The Alliance for Safe Kids (ASK) aspires to cast as wide and tight a safety net for any young person who lives in Yorktown, but doing so relies on a less direct approach compared to other youth support initiatives.
“Our goal is to affect the environment and not individual choices,” said Lisa Tomeny, the Alliance’s coalition coordinator.
She compared ASK’s efforts to that of a “gatekeeper” in which the various sectors of the community can funnel and direct their initiatives through their outreach. If a church in town or the police department is giving a talk on dealing with peer pressure, ASK members said they can get the information out to the schools, parents and children.
At the same time, the information is much more than a two-way street, according to Tricy Cushner, president of the board of directors. Whether your child is a girl scout, plays soccer, or performs in a band, she said, if there’s something important happening in the community, people will get the information from four different directions.
Sometimes that’s what it takes to get it to sink in and a recent example of an important event was the Youth Leadership Conference in White Plains on Nov. 11th. It was a gathering of young people in which the overall message was that they don’t have to make risky choices – like taking drugs or using alcohol – to have fun, Tomeny said.
Yorktown High School sophomore Kara Biroldi just joined ASK and the youth conference was her initiation. She said she welcomed the opportunity to get together with other like-minded students who “take teen issues seriously.”
In turn, the conference gave her a stronger sense that she wasn’t alone and made it easier to speak up when classroom discussions turned to teen concerns.
“I can talk about making the right choices because I know there are people out there who feel the same way as I do,” she said.
Still, that might leave her and classmate Anna Carbone, a junior, in the minority when it really counts.
“I’ve learned to follow my instincts and not be afraid to stand out or stand up for others,” Carbine said.
That’s exactly what students who participate in the Alliance’s Youth Court do. They are trained in all aspects of the legal system by local law enforcement, school resource officers and the two town justices, Salvatore A. Lagonia and Ilan Gilbert. Once trained, they run a court in which peers have pleaded guilty to misdemeanor charges in exchange for these proceedings.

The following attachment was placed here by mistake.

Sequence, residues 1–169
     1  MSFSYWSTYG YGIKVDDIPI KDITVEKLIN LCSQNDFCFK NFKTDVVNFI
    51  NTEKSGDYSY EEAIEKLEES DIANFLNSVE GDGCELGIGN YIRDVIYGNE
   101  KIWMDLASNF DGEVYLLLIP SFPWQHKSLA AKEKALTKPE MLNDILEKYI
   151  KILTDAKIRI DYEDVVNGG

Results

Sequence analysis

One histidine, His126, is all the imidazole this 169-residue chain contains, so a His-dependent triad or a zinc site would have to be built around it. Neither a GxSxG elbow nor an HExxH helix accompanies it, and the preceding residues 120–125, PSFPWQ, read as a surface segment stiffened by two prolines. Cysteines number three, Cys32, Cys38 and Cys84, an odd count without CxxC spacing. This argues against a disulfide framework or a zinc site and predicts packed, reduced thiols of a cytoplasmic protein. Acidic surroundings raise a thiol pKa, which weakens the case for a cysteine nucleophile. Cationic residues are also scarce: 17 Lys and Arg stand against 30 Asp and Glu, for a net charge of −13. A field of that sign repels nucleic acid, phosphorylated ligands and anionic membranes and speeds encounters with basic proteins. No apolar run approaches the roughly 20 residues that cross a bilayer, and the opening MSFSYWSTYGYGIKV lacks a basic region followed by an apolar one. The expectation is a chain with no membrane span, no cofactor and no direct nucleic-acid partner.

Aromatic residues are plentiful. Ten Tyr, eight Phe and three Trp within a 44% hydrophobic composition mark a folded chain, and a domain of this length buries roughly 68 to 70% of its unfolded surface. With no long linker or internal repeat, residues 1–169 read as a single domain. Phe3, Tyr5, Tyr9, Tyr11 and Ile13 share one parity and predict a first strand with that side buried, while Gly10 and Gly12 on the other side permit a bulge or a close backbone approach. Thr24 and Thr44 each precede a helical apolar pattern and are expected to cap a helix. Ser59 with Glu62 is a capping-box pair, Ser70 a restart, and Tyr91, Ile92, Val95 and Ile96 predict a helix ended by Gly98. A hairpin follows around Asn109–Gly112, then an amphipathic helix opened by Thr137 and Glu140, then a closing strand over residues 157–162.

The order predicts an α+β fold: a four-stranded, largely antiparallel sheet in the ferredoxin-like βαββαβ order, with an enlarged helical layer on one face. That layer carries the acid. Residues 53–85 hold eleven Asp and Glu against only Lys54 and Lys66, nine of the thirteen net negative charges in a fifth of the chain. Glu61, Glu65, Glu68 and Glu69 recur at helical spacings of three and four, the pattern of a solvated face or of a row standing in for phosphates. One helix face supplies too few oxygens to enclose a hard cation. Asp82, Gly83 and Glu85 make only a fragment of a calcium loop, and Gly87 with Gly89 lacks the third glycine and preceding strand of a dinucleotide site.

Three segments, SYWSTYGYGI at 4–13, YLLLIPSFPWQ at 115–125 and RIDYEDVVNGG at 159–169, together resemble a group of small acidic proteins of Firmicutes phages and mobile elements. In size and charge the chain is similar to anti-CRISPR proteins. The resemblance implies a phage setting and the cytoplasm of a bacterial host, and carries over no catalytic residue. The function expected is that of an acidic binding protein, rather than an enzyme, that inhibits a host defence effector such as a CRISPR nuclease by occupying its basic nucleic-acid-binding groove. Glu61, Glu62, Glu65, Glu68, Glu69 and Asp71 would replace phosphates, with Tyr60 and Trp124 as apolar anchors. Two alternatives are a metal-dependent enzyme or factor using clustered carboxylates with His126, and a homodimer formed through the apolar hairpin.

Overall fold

The student prosecutors and defense hear and present the circumstances and render a decision. From the legal side, Tomeny said, it’s a great way to get the kids involved first hand at seeing what the whole process is.
On the other side, the offenders feel as though they aren’t being left out in the cold by the community and receive a decision that gives meaning to the mistake they’ve made.
“Never relegated to something like picking up trash, they do community service for one of the organizations we are affiliated with, and they come away feeling like they’ve given something back to the community,” Cushner said.
All in all, that type of concern is synonymous with the Alliance’s overall mission of doing what it can to ensure that young people make the right choices.
“When kids feel cared for and secure they make more thoughtful decisions,” Cushner said.
The Alliance for Safe Kids (ASK) is a Yorktown-based non-profit organization. It was founded in 2002, and incorporated in 2006. The Alliance includes parents, teens, teachers, social workers, health care professionals, business people, law enforcement, elected officials, media, faith community representatives, and members of civic organizations. They create programs focused on reducing issues that are damaging to kids: substance abuse, gang involvement, gambling, and other destructive behaviors.